RANDOLPH – An incident described as a small riot inside the Randolph Children’s Home on Sunday night has caused an uproar in the community and led the home’s staff members to take a renewed focus on problem prevention.
On Sunday, the Cattaraugus County Sheriff’s Department was notified there were 12 youths who ran away from the facility, which is operated under the supervision of the state Department of Youth and Family Services. Staff members found the youths hiding in the attic of a vacant building across the street and contacted authorities. Sheriff’s deputies and two state troopers rounded up the youths and brought them back to the facility.
Once they were led inside the building, the youths began shouting and eventually a riot ensued, as some of the youths attacked staff members, law enforcement and other residents. Police used pepper spray to break up the group and a 17-year-old boy was charged and taken into custody.
He was charged with first-degree rioting, second-degree criminal trespassing and disorderly conduct, and four additional youths were removed from the facility.
According to Jim Coder, Randolph Children’s Home chief executive officer, the four removed youths have been sent to a secure detention center in Buffalo because of their roles in the incident.
“We’re thankful no one was seriously hurt, but this is still a serious situation,” Coder said. “We have seventy-something kids here that are all doing well, and when something like this happens, it reflects poorly on them and us as a facility.”
Coder said when there is a problem with a resident, such as violent outbursts, they take action to have them transferred to a secure facility, although it isn’t the first option.
“Obviously we are here to help the children and we have a commitment to them, but we deal with many kids who have no permanent resources, such as a family that cares,” he said. “And when they act out, it is usually the same negativity that got them here in the first place, so we try to focus on that and preventing these types of situations.”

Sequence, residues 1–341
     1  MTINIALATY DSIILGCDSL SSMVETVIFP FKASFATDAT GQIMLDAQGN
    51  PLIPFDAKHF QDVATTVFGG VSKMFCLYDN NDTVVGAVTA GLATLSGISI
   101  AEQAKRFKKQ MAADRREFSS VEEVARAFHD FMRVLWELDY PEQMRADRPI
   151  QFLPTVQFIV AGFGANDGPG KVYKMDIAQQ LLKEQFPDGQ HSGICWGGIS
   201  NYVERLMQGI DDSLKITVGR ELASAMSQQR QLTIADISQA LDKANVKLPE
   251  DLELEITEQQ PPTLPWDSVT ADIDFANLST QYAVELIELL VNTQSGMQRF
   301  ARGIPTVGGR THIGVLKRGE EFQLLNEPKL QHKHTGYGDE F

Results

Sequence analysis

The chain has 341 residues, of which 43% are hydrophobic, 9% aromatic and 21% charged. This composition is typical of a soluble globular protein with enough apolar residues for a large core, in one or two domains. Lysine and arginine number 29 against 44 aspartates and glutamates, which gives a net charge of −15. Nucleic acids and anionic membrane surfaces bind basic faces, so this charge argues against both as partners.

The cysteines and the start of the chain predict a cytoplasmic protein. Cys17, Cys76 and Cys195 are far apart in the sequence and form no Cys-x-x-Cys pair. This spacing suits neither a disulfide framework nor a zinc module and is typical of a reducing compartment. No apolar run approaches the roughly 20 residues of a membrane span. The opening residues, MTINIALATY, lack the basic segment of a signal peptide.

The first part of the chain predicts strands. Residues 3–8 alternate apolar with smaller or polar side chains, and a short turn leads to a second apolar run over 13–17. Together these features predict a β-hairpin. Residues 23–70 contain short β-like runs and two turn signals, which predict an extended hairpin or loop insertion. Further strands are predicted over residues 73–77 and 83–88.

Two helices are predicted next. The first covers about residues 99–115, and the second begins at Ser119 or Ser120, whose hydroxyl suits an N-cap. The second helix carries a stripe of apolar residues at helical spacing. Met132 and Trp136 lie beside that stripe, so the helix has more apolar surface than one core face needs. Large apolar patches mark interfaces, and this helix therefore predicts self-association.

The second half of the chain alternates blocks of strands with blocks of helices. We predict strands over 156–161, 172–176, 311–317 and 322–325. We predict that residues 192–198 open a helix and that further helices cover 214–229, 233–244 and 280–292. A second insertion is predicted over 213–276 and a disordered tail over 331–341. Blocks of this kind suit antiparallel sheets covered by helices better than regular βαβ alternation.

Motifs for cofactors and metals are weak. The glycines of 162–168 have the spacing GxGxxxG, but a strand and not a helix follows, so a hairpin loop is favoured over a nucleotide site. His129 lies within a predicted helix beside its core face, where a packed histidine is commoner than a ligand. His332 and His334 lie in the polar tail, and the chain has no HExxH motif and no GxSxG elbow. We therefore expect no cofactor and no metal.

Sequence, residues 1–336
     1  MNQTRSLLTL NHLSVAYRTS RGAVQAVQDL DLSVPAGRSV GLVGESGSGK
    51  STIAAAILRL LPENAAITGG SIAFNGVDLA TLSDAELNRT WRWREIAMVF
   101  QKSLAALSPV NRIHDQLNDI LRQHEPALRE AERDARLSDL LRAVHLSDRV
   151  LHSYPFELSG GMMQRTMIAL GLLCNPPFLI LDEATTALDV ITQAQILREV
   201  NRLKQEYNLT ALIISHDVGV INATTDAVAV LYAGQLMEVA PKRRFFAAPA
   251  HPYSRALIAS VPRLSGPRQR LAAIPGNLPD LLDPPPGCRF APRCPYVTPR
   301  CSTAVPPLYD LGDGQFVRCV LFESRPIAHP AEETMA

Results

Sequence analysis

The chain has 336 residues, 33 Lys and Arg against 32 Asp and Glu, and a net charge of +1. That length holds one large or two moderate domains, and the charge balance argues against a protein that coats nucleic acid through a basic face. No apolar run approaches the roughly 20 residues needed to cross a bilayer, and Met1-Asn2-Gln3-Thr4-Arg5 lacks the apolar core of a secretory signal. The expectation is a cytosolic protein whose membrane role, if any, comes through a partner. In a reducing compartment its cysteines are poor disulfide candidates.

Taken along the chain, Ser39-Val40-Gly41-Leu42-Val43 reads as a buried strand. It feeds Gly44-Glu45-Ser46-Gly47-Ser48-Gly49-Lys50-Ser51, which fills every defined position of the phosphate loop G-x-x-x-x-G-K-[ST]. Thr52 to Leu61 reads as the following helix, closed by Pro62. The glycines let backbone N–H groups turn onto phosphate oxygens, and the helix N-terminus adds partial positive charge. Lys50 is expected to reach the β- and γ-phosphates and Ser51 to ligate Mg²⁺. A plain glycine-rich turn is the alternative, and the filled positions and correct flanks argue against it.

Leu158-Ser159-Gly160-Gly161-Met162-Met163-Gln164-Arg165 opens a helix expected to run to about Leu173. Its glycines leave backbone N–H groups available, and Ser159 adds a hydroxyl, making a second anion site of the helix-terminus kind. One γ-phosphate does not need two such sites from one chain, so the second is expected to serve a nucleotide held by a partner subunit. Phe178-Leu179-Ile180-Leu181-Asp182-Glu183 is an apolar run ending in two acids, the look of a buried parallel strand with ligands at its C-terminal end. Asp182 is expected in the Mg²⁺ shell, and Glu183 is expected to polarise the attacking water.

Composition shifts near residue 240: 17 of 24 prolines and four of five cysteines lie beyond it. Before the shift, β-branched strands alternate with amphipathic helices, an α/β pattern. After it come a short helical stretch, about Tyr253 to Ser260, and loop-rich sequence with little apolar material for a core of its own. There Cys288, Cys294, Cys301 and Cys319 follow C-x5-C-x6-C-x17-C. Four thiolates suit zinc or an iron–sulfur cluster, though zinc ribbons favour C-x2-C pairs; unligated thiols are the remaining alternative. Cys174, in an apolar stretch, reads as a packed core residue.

Coder said the facility is not licensed as a secure center, and that is the reason it can not simply put up a large fence or automatically lock the doors. What they can do, he said, is take a few of the actions they have taken in recent months to address the concerns of the community.
The Randolph Children’s Home has installed door buzzers, which notify staff members every time someone passes through it. They have also hired a security guard, Coder said, although he had not yet started his shift when the melee broke out Sunday night.
They have also instituted an opt-in system where anyone in the community can sign up to receive a call anytime a youth leaves the facility without notice.
“They can either sign up to be called 24-7 or up until 10 p.m.,” said Brad Sande, development director at the Children’s Home. “At first, only a few people signed up for the notifications but lately its been picking up.”
Coder said that although each situation and child is different, most problematic situations the staff handles can be attributed to one child taking a negative leadership position among the others. He said that the staff, who he commended for their work, will continue to work to prevent situations from becoming a full-blown incident.
“It seems that recently there have been more incidents than usual, but we are committed to safety and don’t take them lightly,” Coder said. “We are focusing on rooting out that negative leadership among the kids and working to ensure the safety of all the kids, the staff and the community as a whole.”
POSTED: June 3, 2009